Is Mayweather-Canelo Ready for September?
by Mike Gallagher on May 13, 2013

Hype turned to rumor actually turned towards fact last week as Richard Schaefer, CEO of Golden Boy Promtions, told Dan Rafael of ESPN that he is negotiating to make a fight between welterweight champion Floyd Mayweather, Jr. (44-0) and unified WBC/WBA junior middleweight titlist Saul “Canelo” Alvarez (42-0-1). The date Schaefer is targeting is September 14, 2013, the weekend of Mexican Independence Day, and the venue would be the MGM Grand Garden Arena in Las Vegas Nevada. Mayweather has already announced his next fight would be on that day and at that location.

 

I am working on the fight… I’m crunching the numbers. You should see my calculator — it’s red-hot. I am working on a lot of fights, but this is my No. 1 priority…” Schaefer told Rafael.  “This is something I am pursuing, and I am having conversations with both sides… Canelo wants the fight, and Floyd has never turned down an opponent.”

Additionally, Stephen Espinoza, the head of Showtime Sports (the network that has five fights left on an exclusive deal with Mayweather and which has televised Canelo’s last two bouts), told Rafael this week that he was “cautiously optimistic” that the fight would be finalized.

There is a long way to go from a promoter “crunching the numbers” on his calculator to actually having a mega pay per view fight occur. Indeed, while boxing fans seem excited about a possible Mayweather-Alvarez match-up, there is an equal amount of doubt that the fight happens in September. Journalists such as Rafael and Steve Kim of Maxboxing have expressed doubt that the fight happens in September.

Intertwined with the question of whether the Mayweather-Alvarez fight happens in September is another question: is the fight as big as everyone thinks it is? Espinoza is on the record that he believes the fight is not only the biggest that can currently be made but “Breaking the pay-per-view record of Oscar De La Hoya and Mayweather would be our goal in that fight.” The May 2007 bout between De La Hoya and Mayweather was the last boxing event to substantially crack the mainstream: in the week leading up to the fight, the fighters were on the covers of both Sports Illustrated and ESPN the Magazine and appeared on various television talk shows; the debut edition of HBO’s reality series “24/7” which featured the fighters was a highly buzzed about show; the live gate was over $19,000,000 (approximately $10 million more than Mayweather’s recent bout with Robert Guerrero); the total gross revenue was reported to be $165,000,000; the fight broke the all-time record for pay per view sales with 2.5 million buys; and the fighter’s paydays were absurd, Mayweather got $25,000,000 and De La Hoya made $58,000,000. Suffice it to say, it will be an enormous challenge for Mayweather-Canelo to reach that class.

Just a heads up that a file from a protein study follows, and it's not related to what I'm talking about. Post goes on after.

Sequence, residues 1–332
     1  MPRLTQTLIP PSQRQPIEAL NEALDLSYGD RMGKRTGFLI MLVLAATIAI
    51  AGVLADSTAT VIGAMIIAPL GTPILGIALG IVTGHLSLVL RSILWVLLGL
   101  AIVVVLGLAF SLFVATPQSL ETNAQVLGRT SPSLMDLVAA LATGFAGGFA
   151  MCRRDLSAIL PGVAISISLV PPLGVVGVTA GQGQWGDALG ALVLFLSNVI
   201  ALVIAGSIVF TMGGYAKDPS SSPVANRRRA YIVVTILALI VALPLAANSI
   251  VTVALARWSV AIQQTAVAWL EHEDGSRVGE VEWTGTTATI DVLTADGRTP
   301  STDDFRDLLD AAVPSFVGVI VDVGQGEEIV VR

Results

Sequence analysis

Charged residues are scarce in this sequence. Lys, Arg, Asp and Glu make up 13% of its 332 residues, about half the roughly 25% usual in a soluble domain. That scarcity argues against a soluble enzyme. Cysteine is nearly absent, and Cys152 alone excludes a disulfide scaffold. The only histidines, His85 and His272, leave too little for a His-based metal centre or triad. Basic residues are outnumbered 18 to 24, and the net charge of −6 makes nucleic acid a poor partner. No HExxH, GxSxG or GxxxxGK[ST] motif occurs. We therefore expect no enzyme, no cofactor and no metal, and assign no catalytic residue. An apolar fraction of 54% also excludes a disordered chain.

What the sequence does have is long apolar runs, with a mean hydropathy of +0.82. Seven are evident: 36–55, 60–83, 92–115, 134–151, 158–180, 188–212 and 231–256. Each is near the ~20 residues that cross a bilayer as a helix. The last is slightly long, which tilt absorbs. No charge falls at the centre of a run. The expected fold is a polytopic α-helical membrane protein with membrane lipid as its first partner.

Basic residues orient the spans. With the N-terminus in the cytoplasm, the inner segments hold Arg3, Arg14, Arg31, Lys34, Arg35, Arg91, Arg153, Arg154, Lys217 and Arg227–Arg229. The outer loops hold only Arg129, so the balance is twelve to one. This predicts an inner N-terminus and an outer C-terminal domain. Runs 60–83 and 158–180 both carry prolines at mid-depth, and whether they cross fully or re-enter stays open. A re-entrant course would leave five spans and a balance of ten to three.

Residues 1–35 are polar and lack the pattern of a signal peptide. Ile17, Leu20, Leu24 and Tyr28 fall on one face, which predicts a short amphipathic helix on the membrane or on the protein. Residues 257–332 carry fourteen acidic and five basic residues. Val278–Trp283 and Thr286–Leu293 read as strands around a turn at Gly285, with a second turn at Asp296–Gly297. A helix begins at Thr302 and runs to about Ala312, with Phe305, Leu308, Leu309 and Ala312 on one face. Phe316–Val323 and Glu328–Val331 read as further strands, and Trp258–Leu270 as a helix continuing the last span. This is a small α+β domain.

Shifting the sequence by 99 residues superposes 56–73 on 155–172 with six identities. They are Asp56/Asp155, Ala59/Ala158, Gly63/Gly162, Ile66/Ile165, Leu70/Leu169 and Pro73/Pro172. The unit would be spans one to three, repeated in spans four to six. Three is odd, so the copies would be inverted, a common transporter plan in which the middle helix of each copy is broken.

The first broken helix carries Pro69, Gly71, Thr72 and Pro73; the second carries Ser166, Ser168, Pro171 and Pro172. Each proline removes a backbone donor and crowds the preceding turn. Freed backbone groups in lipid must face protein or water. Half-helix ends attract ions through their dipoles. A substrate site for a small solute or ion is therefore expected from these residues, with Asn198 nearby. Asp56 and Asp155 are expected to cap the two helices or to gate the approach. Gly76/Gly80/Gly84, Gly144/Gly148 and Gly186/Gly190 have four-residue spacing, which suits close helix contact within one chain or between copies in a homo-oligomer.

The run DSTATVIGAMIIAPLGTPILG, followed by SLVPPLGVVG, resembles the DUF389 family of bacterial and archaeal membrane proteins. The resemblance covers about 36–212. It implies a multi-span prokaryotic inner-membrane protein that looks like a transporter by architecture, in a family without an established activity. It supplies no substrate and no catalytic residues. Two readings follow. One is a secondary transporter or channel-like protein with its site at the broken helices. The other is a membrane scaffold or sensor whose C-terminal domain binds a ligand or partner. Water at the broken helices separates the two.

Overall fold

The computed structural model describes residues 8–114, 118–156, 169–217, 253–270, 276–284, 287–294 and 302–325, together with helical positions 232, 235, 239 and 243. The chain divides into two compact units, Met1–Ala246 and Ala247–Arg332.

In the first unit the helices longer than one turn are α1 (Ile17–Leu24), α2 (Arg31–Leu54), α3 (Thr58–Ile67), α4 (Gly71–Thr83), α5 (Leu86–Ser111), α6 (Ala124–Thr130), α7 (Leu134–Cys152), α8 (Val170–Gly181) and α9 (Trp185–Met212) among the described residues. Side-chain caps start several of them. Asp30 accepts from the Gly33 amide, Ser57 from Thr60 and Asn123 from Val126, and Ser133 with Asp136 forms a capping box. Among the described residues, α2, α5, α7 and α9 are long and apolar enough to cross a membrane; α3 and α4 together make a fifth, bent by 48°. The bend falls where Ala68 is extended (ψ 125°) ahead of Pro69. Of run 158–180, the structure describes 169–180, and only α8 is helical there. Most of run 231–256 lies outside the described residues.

One of the top reasons for the success of De La Hoya-Mayweather was that De La Hoya was a no doubt cross-over superstar. He had been fighting on HBO since 1993 and had numerous successful pay per views including his 1999 fight with Felix Trinidad which sold 1.4 million pay per view buys. De La Hoya also regularly appeared on network television talk shows, had a Latin Grammy winning music album and was widely covered by mainstream newspapers and magazines. While Mayweather may not currently be as popular as De La Hoya was, he has a very large fanbase and a substantial “Q Rating.”

The man known as “Money” has been fighting on HBO since 1997 and has headlined 10 pay per views of varying degrees of success starting in 2005. He regularly appears on network television to give interviews, has an excellent presence on social media and has starred in numerous editions of reality shows to promote his fights. Mayweather’s “extra-curricular” activities also get a lot of media coverage and while you can debate the quality of his character, the old saying goes “there is no such thing as bad press.” Mayweather’s current status is certainly sufficient for him to be the “A Side” of a De La Hoya-Mayweather level event.